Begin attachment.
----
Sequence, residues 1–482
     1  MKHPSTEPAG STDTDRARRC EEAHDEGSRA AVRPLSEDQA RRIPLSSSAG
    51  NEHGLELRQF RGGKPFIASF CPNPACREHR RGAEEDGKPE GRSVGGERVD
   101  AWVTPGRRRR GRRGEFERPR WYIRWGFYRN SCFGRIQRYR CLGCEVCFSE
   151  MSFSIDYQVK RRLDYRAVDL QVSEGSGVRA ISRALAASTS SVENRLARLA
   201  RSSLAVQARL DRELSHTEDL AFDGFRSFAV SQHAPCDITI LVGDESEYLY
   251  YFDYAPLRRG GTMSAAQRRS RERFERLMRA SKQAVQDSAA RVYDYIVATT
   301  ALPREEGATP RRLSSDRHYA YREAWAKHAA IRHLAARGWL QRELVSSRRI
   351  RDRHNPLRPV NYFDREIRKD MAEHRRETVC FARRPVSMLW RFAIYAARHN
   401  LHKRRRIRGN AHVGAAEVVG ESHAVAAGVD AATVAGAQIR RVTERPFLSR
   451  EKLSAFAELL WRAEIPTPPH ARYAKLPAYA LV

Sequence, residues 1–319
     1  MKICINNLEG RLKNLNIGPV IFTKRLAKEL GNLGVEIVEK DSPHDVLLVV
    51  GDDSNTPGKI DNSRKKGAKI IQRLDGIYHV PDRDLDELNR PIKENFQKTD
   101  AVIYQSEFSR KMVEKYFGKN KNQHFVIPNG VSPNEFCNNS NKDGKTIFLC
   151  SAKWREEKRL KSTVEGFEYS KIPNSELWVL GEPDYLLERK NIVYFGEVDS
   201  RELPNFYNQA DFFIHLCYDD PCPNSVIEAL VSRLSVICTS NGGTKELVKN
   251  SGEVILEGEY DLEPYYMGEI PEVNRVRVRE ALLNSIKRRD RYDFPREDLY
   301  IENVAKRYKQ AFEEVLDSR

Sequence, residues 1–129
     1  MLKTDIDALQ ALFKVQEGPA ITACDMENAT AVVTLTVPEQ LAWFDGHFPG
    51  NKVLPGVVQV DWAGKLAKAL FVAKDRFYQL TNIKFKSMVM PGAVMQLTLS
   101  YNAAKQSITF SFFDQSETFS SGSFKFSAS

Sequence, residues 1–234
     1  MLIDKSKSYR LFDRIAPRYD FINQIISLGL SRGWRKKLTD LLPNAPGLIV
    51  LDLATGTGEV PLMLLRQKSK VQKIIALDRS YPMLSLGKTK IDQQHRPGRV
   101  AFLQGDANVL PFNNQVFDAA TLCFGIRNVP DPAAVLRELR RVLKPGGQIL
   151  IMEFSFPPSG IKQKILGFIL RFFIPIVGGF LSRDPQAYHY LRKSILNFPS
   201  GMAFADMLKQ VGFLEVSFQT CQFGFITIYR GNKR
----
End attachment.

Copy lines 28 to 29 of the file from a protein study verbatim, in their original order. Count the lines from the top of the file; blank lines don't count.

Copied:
   151  IMEFSFPPSG IKQKILGFIL RFFIPIVGGF LSRDPQAYHY LRKSILNFPS
   201  GMAFADMLKQ VGFLEVSFQT CQFGFITIYR GNKR